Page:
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Tips from 'Fund manager of the decade'

Apr 2, 2012

Bruce Berkowitz. Investors in India may not be familiar with this name. But the gentleman is a very famous investor in the US. In fact, in 2009, Morningstar, a renowned mutual fund research firm, made Berkowitz its fund manager of not only the year but also the decade. In other words, for the decade preceding 2009, Berkowitz's performance gave him the title of the best fund manager in the US.

Thus, on account of such a reputation, you would be interested in knowing Berkowitz's secret sauce i.e. how does he go about choosing stocks for his portfolio.

Fortunately, Berkowitz outlined his investing principles or investment lessons if you will, at a recent public gathering. Market, a famous financial website did the hard work of putting all of Berkowitz's investment lessons together and showing them up on their website.

Let us have a look at each one of them and our observations on the same.

  • You always have to have cash, especially when no one else has it.
Recall the tumultuous markets of 2008 and early 2009. Prices were falling like nine pins across all asset classes and how wonderful it would have been for an investor to be in cash. He would have had the opportunity of a lifetime by scooping up assets on the cheap. No wonder people like Warren Buffett always have some part of their investable surplus in cash. As they say 'Cash is king' and it truly is we believe.
  • No free lunch- it's not free, or it's not lunch.
As they say, there is no free lunch in life. It is no different in investing. Investors in India who invested in real estate stocks or infra stocks a few years back know this only too well. Land banks and bulging order books made them blind to leverage and execution risks. They forgot to pay heed to the fact that high stock prices can only come from higher earnings. Thus, when earnings disappeared or fell precipitously, the idea that there is no free lunch hit them really hard.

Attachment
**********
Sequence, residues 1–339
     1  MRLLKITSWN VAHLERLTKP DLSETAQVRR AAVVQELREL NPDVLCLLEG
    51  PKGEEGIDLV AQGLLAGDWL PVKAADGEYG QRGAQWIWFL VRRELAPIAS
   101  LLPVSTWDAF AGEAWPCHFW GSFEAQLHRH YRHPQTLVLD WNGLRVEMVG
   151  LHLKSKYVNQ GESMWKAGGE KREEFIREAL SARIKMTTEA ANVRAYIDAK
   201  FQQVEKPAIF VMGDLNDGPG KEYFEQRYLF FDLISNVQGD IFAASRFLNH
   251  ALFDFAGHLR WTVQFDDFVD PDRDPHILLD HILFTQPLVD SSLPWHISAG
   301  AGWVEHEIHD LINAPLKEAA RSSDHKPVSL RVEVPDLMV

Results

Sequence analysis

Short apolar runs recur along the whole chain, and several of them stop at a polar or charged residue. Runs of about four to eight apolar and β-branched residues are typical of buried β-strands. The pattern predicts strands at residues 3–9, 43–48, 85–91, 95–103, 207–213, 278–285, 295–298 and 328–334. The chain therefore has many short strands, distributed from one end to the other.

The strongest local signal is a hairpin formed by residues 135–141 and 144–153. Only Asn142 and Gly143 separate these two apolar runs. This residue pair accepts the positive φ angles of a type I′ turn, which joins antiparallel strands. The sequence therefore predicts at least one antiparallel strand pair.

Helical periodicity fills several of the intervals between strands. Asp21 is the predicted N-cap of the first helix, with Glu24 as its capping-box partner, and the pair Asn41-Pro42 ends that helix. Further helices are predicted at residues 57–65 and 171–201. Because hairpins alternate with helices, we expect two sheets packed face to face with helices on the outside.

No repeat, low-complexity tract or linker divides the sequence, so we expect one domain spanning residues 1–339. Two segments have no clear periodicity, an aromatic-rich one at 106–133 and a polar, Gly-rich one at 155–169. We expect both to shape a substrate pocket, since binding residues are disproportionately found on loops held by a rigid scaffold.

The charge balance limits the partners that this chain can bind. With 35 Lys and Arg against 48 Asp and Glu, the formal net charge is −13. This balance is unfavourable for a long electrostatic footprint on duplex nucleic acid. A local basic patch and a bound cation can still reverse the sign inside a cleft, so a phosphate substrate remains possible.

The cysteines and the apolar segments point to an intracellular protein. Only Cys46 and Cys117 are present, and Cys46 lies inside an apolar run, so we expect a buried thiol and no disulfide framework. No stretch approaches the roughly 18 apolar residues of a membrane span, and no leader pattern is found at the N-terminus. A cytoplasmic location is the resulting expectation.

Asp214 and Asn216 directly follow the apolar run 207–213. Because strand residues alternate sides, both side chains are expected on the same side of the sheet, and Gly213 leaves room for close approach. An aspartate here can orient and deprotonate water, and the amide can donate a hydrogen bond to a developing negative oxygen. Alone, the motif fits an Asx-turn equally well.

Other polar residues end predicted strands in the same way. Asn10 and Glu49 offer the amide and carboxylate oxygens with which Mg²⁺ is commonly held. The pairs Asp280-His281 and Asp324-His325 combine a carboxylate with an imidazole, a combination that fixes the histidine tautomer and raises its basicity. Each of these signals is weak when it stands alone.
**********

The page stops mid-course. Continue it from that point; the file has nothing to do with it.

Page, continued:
• You can't change people! You can change yourself, but not others.
Beware the management that has taken huge risks and leverage in the past and now promises to turn over a brand new leaf. The reality is that it is very difficult to change people and thus, one would be better off investing in companies with a tried and tested management rather than the one that promises to completely reform itself.
  • You only see reality under extreme stress- you want to get to know someone, you need to see them under extreme stress.
A rising tide tends to lift all boats. Similarly, a buoyant economic environment can lead to all the companies doing well, even the badly managed ones. However, the true test comes when the economy takes a turn for the worse. In stressful times, only those companies that have a good business model and risk management practices in place will tend to survive. Thus, it makes sense to look at the performance of a company under all economic environment and not just the good ones. After all, when the going gets tough, it is only the tough companies that get going. A true character of a firm comes out only under extreme stress.
  • Volatility is not risk
Risk does not come from the volatility in stock price. It only comes from not knowing one's investments well and from a permanent loss of capital.
  • Always assume you will have bad luck
Investing, at the end of the day, is all about taking a bet on an uncertain future. And the future can turn out good or bad. Thus, it always makes sense to incorporate a margin of safety in one's purchase price. In other words, it makes sense to start with the assumption that you will have bad luck.
  • Few variables to win. Once you have to think about more than 3 variables, your odds of winning are low.
  • If you have to use more than 6th grade math, you're in trouble.
Shades of Warren Buffett or Peter Lynch? Certainly, we believe. Investing has to be simple. But it is not necessarily easy and requires lots of patience. Besides, your thesis should be such that even a sixth grader should be able to understand. Remember the complex mathematical models used during the sub-prime hysteria? Did they achieve anything? Certainly not. Thus, your ideas have to be really simple and should involve very few variables.

We believe that Berkowitz is bang on with all of his points and if followed closely, can do a lot of good for investors.

Rahul Shah

Rahul Shah (Research Analyst), Managing Editor, Microcap Millionaires has led the team from the front in developing some of our most stringent and rewarding research processes. As per his own admission, the turning point in Rahul's life as a financial analyst came a few years back when he got introduced to the works of Warren Buffett and Charlie Munger. From Buffett, he understood the value of investing in good quality business with powerful moats and strong management teams. Charlie Munger on the other hand inspired him to be a lifelong learner and use mental models in order to arrive at the crux of matters across most disciplines. Rahul firmly believes that in order to be successful at investing, you have to do the big things right and possess a great temperament and a contrarian streak.

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